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The Bosphorus Chronicle Turns 50

SPECIAL EDITION: 50TH ANNIVERSARY OF CO-EDUCATION AT RC

The merger of Robert Academy and the American College for Girls also so the merging of the two student papers, when the Bosphorus and the Campus Chronicle became the Bosphorus Chronicle. Through interviews and articles, the editors and writers of this new publication captured a snapshot of views about the merger from students and teachers alike. Here is a sampling:

Merger Brings Changes

With the two schools now merged the different departments have been obliged to change their curriculums and to try to unify both schools as much as possible. The real merger has come into effect only in LI, where boys and girls are in the same classrooms and follow the same program. In the other classes the situation is quite different and the curriculums of the boys and girls differ a lot. In LIII the English Department which had decided to offer an elective program has been obliged to change its plans. The books that have been used before have been changed. Shakespeare which was studied by the boys last year has been omitted. Instead more importance is given to contemporary writers. The way and the methods of teaching English will not change much, only that a research course may be offered to the boys in the second semester. The English program for senior girls remains much the same.

The English program as well as the books of LII are very much the same as the previous year. The English curriculums of the boys and girls do not coincide at all. The girls in LII concentrate on American Literature while in LIII they work on British Literature.

Physics will be introduced to LII next year, which is something new for the boys; also Chemistry and Physics hours for LII and LIII respectively will be increased. The same Chemistry book is being used for the girls and boys.

Although the books of the seniors in Math have been switched, the books of LII and LI have remained the same. «A First Course in Calculus» has been replaced by SMSG books for the boys. The senior girls study the book that was used last year, «Calculus in Three Dimensions».

As for the text books in Biology, BSCS, Yellow Version, «An Inquiry into Life» is being studied. «Foundations of Chemistry» which has been used for quite a long time, and «Physics» by PSCS, a completely new book, are the the Chemistry and Physics texts for this year.

Co-education: Separate Classes

Although previous years’ RA and ACG have come together to form a new, coeducational school, having boys and girls on the same campus has, by no means, produced coeducation in the full sense of the word. Only in Lise I do boys and girls have merged classes. In Lise II and Lise III the view is completely different. Most courses are offered separately to boys and girls. In Lise II only Arts, Chemistry, German, French and Military Science classes are coeducational. For the Lise III students Organic Chemistry, French, German, Drama and Military Science are the only courses in which boys and girls can be seen in the same class.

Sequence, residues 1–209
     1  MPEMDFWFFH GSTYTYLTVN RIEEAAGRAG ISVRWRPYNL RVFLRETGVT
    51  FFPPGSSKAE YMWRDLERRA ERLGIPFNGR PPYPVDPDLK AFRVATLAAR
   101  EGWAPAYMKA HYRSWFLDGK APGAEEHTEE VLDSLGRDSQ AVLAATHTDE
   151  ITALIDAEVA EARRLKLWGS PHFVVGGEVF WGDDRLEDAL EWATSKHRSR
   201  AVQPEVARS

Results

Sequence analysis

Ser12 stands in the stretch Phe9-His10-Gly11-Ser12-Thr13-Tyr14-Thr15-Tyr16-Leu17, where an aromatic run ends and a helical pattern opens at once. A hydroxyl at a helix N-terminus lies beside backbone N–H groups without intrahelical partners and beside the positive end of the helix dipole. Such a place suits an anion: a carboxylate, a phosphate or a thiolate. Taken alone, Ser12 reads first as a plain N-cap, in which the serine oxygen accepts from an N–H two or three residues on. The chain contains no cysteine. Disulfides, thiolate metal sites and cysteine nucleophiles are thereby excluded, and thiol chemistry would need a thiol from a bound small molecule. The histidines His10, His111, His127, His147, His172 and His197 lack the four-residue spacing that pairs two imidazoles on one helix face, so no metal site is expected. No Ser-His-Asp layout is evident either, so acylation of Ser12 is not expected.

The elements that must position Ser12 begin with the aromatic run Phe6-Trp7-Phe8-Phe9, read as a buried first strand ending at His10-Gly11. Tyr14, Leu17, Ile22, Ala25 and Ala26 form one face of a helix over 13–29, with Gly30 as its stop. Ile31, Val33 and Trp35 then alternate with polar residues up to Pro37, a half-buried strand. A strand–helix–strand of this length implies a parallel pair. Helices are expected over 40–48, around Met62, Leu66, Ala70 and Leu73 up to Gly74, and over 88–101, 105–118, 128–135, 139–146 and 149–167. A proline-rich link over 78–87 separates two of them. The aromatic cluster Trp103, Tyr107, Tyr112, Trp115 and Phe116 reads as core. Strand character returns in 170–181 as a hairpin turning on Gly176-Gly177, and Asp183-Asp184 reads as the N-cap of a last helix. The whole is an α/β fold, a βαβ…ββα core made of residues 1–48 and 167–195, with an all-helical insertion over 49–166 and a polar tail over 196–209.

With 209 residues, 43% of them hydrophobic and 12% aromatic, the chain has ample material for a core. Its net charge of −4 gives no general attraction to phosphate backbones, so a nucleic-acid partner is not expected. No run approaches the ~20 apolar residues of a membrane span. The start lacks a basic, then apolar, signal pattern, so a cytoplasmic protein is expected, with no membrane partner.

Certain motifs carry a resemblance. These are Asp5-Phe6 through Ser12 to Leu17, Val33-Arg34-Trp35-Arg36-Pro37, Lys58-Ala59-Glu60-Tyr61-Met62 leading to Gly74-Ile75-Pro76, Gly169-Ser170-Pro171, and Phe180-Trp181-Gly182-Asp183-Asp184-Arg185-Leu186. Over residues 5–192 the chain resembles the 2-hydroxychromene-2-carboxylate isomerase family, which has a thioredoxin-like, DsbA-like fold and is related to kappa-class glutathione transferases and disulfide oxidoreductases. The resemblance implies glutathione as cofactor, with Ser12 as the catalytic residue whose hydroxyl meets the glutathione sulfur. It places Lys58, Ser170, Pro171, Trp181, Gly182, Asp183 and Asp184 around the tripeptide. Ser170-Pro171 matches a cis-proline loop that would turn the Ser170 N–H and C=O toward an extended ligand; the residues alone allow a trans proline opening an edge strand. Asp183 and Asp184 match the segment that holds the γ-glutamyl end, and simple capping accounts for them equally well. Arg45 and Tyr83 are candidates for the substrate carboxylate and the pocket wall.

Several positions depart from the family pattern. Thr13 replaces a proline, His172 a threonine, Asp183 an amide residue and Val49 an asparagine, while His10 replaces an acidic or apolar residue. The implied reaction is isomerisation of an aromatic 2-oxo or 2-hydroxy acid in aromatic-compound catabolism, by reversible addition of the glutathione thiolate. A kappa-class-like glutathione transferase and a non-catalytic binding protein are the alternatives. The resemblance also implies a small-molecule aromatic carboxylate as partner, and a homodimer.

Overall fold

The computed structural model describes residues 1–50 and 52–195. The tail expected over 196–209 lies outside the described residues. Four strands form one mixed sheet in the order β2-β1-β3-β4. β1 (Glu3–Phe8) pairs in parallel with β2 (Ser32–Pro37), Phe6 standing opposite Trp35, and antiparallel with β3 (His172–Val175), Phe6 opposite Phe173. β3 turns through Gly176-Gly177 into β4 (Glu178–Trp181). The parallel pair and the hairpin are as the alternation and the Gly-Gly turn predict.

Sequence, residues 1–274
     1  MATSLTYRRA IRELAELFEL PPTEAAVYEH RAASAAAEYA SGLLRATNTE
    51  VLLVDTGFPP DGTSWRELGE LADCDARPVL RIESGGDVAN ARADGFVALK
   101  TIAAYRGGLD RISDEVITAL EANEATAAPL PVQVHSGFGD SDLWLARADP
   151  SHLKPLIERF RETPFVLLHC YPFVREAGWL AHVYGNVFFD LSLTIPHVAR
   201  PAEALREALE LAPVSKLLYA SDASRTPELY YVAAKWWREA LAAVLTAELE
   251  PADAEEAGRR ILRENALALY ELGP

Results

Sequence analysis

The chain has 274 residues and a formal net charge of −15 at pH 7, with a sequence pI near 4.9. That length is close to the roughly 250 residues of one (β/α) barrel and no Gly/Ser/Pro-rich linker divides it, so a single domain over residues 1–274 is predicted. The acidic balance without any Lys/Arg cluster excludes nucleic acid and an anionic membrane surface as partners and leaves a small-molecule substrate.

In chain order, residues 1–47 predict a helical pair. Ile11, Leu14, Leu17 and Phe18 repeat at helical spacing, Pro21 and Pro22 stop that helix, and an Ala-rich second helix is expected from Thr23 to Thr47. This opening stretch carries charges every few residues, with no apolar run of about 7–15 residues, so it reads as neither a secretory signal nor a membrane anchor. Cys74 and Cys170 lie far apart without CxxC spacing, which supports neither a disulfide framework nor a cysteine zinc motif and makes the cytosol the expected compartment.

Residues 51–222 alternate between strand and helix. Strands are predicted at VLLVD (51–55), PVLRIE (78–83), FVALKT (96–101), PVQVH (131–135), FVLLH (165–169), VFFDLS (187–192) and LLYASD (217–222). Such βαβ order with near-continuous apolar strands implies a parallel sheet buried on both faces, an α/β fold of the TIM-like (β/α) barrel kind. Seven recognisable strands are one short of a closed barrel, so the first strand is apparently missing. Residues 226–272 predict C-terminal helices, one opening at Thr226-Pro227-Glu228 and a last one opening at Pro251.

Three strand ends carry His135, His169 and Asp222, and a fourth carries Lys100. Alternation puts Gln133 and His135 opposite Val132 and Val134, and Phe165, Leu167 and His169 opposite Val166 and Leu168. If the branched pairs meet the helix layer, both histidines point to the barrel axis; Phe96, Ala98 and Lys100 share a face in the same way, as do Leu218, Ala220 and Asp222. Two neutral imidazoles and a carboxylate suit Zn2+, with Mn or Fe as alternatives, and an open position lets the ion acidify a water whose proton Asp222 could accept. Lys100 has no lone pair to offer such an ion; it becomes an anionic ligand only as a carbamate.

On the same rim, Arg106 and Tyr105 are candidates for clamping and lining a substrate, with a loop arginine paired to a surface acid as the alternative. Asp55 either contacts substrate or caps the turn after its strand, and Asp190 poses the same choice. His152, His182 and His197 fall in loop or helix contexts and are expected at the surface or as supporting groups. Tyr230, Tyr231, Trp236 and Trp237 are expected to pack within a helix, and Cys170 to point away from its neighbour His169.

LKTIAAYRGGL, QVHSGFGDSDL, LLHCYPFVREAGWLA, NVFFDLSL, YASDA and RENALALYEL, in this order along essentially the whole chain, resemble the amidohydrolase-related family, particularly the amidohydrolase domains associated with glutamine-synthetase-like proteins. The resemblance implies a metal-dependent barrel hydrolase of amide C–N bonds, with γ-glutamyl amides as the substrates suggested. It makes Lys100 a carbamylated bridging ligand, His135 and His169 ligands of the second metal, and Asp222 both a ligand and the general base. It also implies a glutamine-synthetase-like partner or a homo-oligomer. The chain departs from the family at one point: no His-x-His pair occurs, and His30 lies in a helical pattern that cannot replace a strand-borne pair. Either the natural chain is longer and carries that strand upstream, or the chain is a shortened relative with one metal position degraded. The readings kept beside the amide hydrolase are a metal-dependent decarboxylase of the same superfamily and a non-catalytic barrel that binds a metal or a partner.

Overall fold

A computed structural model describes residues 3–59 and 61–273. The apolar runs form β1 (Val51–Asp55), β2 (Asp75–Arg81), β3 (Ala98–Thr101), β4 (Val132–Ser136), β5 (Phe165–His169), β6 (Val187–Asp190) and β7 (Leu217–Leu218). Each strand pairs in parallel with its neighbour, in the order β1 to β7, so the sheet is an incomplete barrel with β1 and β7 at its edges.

Both Sides Sacrifice

What if two societies both over a century old are compelled to coalesce in the most uncomfortable conditions? What If two distinct groups with certain socially - patterned habits formed over decades are coerced into being a body the habits of which can be patterned over the next two years under the present circumstances? The letter in the «SOUND and FURY» column in this issue is one of the outcomes of this unpleasant situation. The general position of seniors and to a lesser extent of LIIs is the source of trouble.

Few things may be bright at the beginning but frankly the merger has not been accomplished in the best possible way. A senior girl has 34 sessions and a senior boy has 32 sessions a week and they are lucky if they have a merged class in the electives. Similarly, the unification of the curriculums at which committees labored so much last year was not of great significance since it meant studying the same texts in two separate schools. Mixed classes of boys and girls could have been established in Turkish Cultural Studies, Math and Science courses. They were not due to the heavy program of senior and LII girls, we were told. Only the English Department is justified in this respect: It would be ridiculous to merge classes with a great difference of experience with the English language. It is furthermore justifiable to preserve systems which do work better on their own than in mixture.

In a way, it was the easier course, the shortcut that was taken: bringing up a class merged from the LI year on. In two years time girls will not be so alienated from their boy classmates and vice-versa. In two years time the looks will be more friendly, faces more familiar. In a way the LII’s, and most of all, the seniors are committing, or are being forced to commit themselves to the future of a school-which has serious financial problems concerning its survival. But there lies the challenge... The challenge of a smile instead of an expressionless gaze, of ambition and cooperation instead of indifference, of doing more than what’s expected, of sacrificing willingly instead of being compelled to it.

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